In 2013, the Media Development Authority announced a new licensing regime for popular websites posting Singaporean news, requiring such websites—as identified by the authorities—to post a $37,080 performance bond, as well as undertake to remove any content within 24 hours that was deemed in breach of regulations. The rules were criticized for being vague and arbitrary, as well as having been introduced without consultation or debate in Parliament.
Other cases continued to spark concern: Cherian George, a prominent academic studying Singapore’s political and media scenes, was denied tenure at the Nanyang Technological University, effectively ending his employment at the institution. Alex Au, an established blogger, was charged with contempt of court, and eventually fined $5,975. Teen blogger Amos Yee made headlines when he was arrested and charged with wounding religious feelings and distributing obscene material, after he posted on YouTube an expletive-laden rant criticizing both Christianity and the late Lee Kuan Yew—Singapore’s first prime minister and father of the current one. Yee was eventually given a four-week prison sentence, but has since been charged with new offenses and is due to appear in court in mid-August for a new trial.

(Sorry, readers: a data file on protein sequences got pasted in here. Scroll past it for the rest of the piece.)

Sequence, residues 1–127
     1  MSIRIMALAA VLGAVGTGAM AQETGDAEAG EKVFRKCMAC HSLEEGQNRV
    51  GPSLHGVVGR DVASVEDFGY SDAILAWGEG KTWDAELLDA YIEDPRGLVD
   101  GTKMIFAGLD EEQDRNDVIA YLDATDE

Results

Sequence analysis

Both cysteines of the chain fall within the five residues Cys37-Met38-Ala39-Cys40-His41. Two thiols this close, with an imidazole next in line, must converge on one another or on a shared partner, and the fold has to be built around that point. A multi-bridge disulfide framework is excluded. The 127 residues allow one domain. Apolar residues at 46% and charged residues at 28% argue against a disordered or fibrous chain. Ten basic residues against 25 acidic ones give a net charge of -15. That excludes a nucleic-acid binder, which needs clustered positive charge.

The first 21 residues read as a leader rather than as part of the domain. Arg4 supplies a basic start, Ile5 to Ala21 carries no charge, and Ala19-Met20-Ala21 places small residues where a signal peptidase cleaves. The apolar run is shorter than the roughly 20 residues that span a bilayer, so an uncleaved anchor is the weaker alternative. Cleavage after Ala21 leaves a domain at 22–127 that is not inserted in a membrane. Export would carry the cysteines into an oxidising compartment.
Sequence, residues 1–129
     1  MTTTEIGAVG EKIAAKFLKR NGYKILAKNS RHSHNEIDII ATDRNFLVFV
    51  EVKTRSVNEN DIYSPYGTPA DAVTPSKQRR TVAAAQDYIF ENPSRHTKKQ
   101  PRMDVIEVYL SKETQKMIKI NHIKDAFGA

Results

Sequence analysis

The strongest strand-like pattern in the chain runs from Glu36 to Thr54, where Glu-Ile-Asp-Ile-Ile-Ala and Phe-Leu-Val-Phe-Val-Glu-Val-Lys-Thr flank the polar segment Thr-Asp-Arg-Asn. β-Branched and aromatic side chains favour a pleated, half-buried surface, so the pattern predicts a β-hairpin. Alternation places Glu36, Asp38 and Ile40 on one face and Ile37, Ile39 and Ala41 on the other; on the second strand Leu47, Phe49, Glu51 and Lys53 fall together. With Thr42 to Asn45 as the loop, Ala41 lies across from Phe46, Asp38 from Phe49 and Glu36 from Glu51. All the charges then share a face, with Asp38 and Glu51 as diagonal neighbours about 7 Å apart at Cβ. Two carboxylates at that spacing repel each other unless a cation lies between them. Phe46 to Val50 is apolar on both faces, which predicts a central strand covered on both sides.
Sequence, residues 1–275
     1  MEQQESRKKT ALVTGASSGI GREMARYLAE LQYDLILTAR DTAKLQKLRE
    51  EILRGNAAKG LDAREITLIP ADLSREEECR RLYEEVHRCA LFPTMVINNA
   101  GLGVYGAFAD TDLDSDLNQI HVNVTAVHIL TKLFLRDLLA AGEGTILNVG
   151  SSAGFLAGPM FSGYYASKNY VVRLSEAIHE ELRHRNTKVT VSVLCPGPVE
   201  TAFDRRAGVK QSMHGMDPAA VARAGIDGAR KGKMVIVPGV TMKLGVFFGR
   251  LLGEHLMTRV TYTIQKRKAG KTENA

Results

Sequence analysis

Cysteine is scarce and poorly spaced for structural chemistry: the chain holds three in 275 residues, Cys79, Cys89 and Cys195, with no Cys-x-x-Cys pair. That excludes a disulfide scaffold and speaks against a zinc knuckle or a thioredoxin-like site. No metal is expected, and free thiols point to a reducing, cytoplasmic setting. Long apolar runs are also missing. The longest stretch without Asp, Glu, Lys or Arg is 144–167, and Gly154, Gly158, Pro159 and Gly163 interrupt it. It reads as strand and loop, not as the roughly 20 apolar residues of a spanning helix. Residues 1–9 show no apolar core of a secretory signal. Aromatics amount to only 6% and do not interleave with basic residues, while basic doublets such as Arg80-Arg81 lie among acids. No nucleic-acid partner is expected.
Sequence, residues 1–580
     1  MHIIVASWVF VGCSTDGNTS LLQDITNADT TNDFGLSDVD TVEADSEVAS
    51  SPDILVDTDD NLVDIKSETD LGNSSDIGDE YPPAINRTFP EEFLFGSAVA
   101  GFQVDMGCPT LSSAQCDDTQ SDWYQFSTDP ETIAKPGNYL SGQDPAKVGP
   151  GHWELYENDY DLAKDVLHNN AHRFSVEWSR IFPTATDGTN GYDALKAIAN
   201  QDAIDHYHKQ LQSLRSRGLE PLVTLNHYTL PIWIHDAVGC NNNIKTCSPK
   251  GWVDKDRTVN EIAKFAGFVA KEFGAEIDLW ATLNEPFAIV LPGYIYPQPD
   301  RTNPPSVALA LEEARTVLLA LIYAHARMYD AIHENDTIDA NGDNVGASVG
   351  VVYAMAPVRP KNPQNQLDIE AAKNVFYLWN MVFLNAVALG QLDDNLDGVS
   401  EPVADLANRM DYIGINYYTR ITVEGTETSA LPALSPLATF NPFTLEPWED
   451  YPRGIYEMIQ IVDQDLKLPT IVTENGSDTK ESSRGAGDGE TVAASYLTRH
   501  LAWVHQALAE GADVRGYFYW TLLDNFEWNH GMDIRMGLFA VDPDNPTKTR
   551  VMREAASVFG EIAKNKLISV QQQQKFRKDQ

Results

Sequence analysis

In 2014, the Media Development Authority refused to classify the award-winning documentary To Singapore, With Love, effectively barring it from being publicly screened in the country. The film, which features accounts of Singaporean political exiles, was deemed to “undermine national security.” Sonny Liew’s graphic novel The Art of Charlie Chan Hock Chye, in which he offered an alternative account to the establishment historical narrative, was also considered to have “sensitive content”, and had its publishing grant withdrawn. (Ironically, these actions put both pieces of work in the limelight, attracting more attention than they would have received otherwise.)
This year, in early June, Ngerng and Teo Soh Lung, an activist and former political detainee, were accused of violating election-advertising rules on the eve of a small by-election, and called in for investigation. These investigations involved hours of questioning, as well as raids on their homes, with their electronics—from laptops and mobile phones to hard drives and memory cards—seized.